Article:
In Light-bot, we can define a commonly-used sequence of commands by dragging the corresponding tiles into one of the function areas. We can then use that definition by putting one of the two function command tiles into our main script. When the program runs (i.e., when the robot does his thing), the uses of the function tiles are automatically, dynamically expanded into the sequence of commands in the definition. Furthermore (and this is the important part!), we can do this repeatedly; that is, we can use the function command tile several times in a given script, and get the same expansion each time.
You might visualize the process something like this: we have a sequence of commands, some of which are function calls, expanding into corresponding definitions:
When we actually run the program, when we get to the point of a function call, we hop down to the definition section for that function, do the commands for that definition, then hop back again (the hop back is called a return). Here the dynamic jump for the calls are labeled in green and those for the returns are labeled in red:
Now, there are two main things to remember about functions: one is that they allow us to get extra commands when we need them. That’s important in Light-Bot, where there is a real premium on scripting space. The other thing is that they allow us to capture patterns of action and turn them into new concepts: this sort of conceptual leverage is important in Light-Bot, too, but becomes especially crucial in more complex programming environments.
We can use functions to get some extra room even if we don’t use them to abstract out patterns. For example, you could write your MAIN METHOD so that it just calls ƒ1 at the very end, then continue writing our script in the FUNCT. 1 section, and similarly for ƒ2 at the end of ƒ1. In this way, we can use functions just to stitch longer sequences together.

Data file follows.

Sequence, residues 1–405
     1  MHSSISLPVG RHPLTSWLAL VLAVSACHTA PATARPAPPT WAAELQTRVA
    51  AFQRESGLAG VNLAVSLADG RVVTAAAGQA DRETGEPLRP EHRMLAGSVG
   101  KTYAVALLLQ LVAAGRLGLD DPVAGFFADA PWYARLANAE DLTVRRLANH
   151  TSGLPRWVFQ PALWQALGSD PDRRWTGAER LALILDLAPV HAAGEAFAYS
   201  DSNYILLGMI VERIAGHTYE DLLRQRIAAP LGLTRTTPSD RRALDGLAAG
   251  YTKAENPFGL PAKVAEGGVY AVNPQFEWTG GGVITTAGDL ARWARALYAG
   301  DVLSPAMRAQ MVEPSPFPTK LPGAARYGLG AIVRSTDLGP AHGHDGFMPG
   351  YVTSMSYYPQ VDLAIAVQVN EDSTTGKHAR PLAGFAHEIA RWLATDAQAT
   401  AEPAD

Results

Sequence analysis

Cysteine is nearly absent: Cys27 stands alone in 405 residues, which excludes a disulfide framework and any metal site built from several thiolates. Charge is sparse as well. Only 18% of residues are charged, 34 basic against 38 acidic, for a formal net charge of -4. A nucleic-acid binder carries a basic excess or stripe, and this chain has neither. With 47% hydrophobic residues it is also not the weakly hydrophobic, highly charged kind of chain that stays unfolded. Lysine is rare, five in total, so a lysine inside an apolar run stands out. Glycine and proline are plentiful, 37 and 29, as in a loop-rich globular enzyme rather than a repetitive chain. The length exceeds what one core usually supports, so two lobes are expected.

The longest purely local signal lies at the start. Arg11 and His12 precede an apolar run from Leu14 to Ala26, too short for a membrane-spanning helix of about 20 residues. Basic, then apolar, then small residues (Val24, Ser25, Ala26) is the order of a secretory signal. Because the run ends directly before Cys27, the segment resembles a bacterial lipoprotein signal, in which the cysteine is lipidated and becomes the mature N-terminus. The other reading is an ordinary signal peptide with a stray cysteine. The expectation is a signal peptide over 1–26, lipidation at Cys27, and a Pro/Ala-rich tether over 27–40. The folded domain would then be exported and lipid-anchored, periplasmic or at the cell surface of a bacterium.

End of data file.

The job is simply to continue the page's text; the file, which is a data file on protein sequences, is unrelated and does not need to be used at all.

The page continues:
But if we want to use functions for repetition, how do we come up with a definition? The crucial step is to identify patterns that come up in our intended script. One way to do this is to plan out a script of commands and actually notice a pattern directly by observation. But more often we see the pattern in the “physical” structure of the Light-Bot level we’re working on. In other words, we notice that specific portions of the board look similar to each other, and thus that we can gain an advantage (in terms of fewer tiles used) by putting together a function definition to handle the common parts. When these similarities aren’t so obvious, we can always fall back on the idea of finding a pattern in the actual script; for example, we can write as much of the script as we can in the main method section, then look for the patterns and start to move some of the tiles into a function definition. Or, we can write out a plan on paper (if it won’t fit in the main section) and look for patterns there
In either case, using functions is crucial to getting our little bot to his goal in many of the later levels, and the crucial idea behind functions (called abstraction) is extremely important to real programming later on.
Depending on the amount of time in your lecture and the progress you make as a class, your instructor will assign you to complete one or two levels of the Light-Bot game from among levels 6, 7 and 8.
You may work on these levels alone or in pairs, and you should record your solutions on the worksheet handed out in class (or print a copy from this handy link).
Work on the assignment during your lab time or at home, or come in to lab (when it’s not in use for classes) during the week. In any case, have your completed levels ready for the next class period. (You may want to load them up on the computer from the worksheet so that you can show them to the rest of the class.)